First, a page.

Date: 27 Dec 2012

Lifestyle-Related Risk Factors, Smoking Status and Cardiovascular Disease

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Background: Cardiovascular disease represents one of the most important causes of morbidity and mortality in highly developed countries and is known to be associated with some lifestyle-related risk factors (e.g. alcohol consumption, smoking status, diet, physical activity, bodyweight). There is still incomplete information about their combined effect on cardiovascular risk in hypertensive patients with optimal pharmacological blood pressure control.

Aim: The objective of this study was to evaluate the correlation of some lifestyle behaviours, using a specific questionnaire, with development of cardiovascular disease in treated hypertensive patients.

Methods: 617 hypertensive, non-diabetic participants (aged 53.1±7.6 years, 44.9% male; mean age 53.1±7.6 years) free of prevalent cardiovascular disease, cancer, liver cirrhosis and/or failure, chronic kidney disease more than grade 3 (glomerular filtration rate by the Modification of Diet in Renal Disease study <30 mL/min/1.73 m2) were analysed. Metabolic syndrome was defined according to the Third Report of the Expert Panel on Detection, Evaluation, and Treatment of High Blood Cholesterol in Adults (Adult Treatment Panel III). Left ventricular hypertrophy was defined when left ventricular mass index was >51 g/m2. Carotid artery atherosclerosis was assessed as an increased intima medial thickness (IMT) by B-mode ultrasonography. IMT values between 0.9 and 1.3 mm were defined as ‘thickening’ and those >1.3 mm as ‘plaque’.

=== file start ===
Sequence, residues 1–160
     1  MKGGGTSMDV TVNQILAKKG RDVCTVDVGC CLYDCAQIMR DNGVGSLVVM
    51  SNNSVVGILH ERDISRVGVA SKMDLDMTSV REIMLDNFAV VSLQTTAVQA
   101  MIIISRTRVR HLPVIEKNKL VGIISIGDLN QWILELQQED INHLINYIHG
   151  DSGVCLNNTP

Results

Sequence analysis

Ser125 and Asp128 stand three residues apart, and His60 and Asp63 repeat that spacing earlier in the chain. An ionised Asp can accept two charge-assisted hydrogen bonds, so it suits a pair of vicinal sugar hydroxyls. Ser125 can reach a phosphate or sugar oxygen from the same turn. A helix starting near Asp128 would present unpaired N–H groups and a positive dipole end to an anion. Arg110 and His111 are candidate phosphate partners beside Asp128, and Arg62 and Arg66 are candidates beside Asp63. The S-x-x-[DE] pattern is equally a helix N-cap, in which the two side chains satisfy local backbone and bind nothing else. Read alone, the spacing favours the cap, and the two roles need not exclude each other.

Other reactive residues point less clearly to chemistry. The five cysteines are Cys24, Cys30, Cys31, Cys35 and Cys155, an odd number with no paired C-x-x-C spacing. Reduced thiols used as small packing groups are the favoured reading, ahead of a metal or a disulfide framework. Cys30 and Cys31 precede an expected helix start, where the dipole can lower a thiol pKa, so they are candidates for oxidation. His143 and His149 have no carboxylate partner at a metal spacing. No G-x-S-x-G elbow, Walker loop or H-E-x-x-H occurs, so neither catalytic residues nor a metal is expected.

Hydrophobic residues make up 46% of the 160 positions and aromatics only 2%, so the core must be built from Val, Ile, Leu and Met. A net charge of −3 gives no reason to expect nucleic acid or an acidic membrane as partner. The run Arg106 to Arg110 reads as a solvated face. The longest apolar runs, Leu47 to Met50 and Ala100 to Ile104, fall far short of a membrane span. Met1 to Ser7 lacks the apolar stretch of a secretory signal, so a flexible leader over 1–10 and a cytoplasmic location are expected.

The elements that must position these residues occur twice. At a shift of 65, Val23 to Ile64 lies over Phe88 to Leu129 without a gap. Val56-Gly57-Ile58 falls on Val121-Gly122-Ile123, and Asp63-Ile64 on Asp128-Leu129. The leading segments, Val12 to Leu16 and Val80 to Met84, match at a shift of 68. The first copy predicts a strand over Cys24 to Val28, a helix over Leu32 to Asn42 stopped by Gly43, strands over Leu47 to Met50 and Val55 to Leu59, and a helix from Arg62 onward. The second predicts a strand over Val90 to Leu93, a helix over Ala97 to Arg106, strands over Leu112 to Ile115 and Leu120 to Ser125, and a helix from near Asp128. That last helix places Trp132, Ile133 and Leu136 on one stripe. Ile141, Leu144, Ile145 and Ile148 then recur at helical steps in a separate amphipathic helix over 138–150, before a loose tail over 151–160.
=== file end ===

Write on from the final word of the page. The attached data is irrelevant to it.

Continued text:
Assessment of smoking status, dietary and non-dietary factors was established by administration of a specific questionnaire.

Results: In the initial population of examined patients, 288 were smokers and 329 were non-smokers. At baseline, the patients belonging to smoking group were less often overweight than those belonging to the non-smoking group, showing a lower initial body mass index (BMI) [27.54±4.0 vs 28.28±4.3; p<0.029], lower plasma levels of high-density lipoprotein cholesterol (HDL-C) [48.14±12.6 vs 51.39±14.1 mg/dL; p<0.006] and were more often affected by carotid artery atherosclerosis (93.9 % vs 86.1%; p<0.002) than non-smoking patients.

When analysed for dietary and other lifestyle-related risk factors, we found a higher prevalence of carotid atherosclerotic disease in patients consuming less than two meals per day than in those consuming more than two meals per day (96.6% vs 85.7%; p<0.001), without any significant difference in the mean number of medications taken and in specific classes of medications.

Total amount of cigarettes smoked, calculated as packs per year (39.14±16.5 vs 20.81±13.6; p<0.0001) was higher in patients with a diagnosis of atherosclerotic disease of the carotid artery than in patients free of this disorder, whereas the average age at which people began smoking was lower (17.58±6.3 vs 21.53±10.2 years). In a binary model of logistic regression adjusted for BMI, HDL-C, smoking status and number of daily meals, only smoking status was confirmed to be strongly correlated to clinical evidence of carotid atherosclerosis (p<0.025).

Conclusions: In hypertensive patients, in optimal blood pressure control, smoking status has been shown to be independently associated with an increased maximum arterial IMT (IMTmax). In particular, an increase of the IMT was associated with the total amount of cigarettes smoked (calculated as packs per year) and the average age at which people began smoking.